Yesterday, at dusk, I heard the weather forecast. Cold night. I ran out into the gloom with my flower scissors and cut what I thought would be the last bunch of sweet peas for the year. The smell in my study this morning was overpowering.
A quick check in the garden shows that I was being unnecessarily gloomy; there are still many sweet peas worth picking, all of them this lovely variety with two names, Matucana, or Cupani's Original - a much better name as it hints at the history (it arrived in Britain from Sicily in the 17th century, sent by a monk named Cupani). This is the mother of all sweet peas, the first, the one with the strongest scent, the one with hints of all the colours that have been bred into a cultivated sweet pea. My favourite.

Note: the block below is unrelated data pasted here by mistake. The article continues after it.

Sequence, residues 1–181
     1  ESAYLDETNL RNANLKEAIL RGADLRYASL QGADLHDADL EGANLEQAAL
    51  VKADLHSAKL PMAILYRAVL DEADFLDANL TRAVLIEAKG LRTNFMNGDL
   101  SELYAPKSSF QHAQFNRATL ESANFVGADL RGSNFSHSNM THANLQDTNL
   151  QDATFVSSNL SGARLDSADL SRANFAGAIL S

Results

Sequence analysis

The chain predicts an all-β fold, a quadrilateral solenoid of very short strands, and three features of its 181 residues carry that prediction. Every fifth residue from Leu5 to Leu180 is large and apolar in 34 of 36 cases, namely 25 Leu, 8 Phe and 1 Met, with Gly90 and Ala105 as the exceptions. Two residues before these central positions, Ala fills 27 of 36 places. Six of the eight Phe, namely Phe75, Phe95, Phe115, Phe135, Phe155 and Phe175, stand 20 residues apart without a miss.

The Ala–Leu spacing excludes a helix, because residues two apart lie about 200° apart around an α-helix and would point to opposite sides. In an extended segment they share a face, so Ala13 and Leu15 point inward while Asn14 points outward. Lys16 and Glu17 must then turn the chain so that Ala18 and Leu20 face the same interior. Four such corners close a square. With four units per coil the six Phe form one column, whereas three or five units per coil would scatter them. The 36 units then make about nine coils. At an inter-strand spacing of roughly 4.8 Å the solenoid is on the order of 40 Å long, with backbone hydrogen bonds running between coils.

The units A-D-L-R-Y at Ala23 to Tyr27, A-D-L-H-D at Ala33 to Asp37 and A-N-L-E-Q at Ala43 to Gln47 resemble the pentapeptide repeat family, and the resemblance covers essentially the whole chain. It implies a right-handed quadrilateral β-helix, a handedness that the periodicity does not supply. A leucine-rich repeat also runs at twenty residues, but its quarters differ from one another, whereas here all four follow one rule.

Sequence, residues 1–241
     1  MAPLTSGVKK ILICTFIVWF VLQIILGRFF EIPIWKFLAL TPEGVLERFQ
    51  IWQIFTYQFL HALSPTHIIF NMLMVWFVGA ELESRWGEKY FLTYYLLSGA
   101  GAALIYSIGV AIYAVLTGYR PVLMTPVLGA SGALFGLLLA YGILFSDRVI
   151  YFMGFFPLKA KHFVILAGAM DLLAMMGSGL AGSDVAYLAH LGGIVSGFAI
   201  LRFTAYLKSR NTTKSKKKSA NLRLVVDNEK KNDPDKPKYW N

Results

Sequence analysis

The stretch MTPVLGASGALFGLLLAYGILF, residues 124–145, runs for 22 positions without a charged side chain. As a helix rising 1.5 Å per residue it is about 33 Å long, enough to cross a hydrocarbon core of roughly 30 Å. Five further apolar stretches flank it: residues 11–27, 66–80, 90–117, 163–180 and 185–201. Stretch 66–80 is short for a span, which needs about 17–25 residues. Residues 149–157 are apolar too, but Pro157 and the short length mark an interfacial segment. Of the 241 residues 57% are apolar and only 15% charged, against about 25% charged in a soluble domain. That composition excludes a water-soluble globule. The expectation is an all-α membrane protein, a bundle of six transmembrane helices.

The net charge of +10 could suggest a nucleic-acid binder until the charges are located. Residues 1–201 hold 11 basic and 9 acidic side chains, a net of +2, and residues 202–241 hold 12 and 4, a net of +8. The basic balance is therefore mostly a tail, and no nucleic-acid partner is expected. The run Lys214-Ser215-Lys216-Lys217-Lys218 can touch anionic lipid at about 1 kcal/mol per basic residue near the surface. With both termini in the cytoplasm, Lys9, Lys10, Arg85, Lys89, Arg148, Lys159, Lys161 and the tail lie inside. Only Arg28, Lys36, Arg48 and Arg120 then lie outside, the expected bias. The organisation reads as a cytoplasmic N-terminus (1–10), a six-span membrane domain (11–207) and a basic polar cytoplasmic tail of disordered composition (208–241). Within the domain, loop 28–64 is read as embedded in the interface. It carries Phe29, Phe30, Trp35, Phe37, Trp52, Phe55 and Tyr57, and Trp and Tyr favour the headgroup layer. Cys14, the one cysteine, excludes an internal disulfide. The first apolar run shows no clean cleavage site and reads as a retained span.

It can't last, we are past the equinox, and sweet peas respond to light. I've been picking them three or four times a week since the beginning of May. Although I grow other sweet peas, Cupani's original is my favourite - the strongest scent, the first to flower, the last to die back, with its beautiful maroon and purple flowers. How could all those nurserymen have thought they could improve on nature's own sweet pea?
PS the dahlia in the corner of this picture is a stunner, David Howard ... the photograph doesn't do it justice, I'll post a better one soon
Bargain of the day - Robert Macfarlane's The Wild Places is one of today's Kindle deals, and is a refreshing "open space of a book". I wrote about it here and I warmly recommend it.
7 hours ago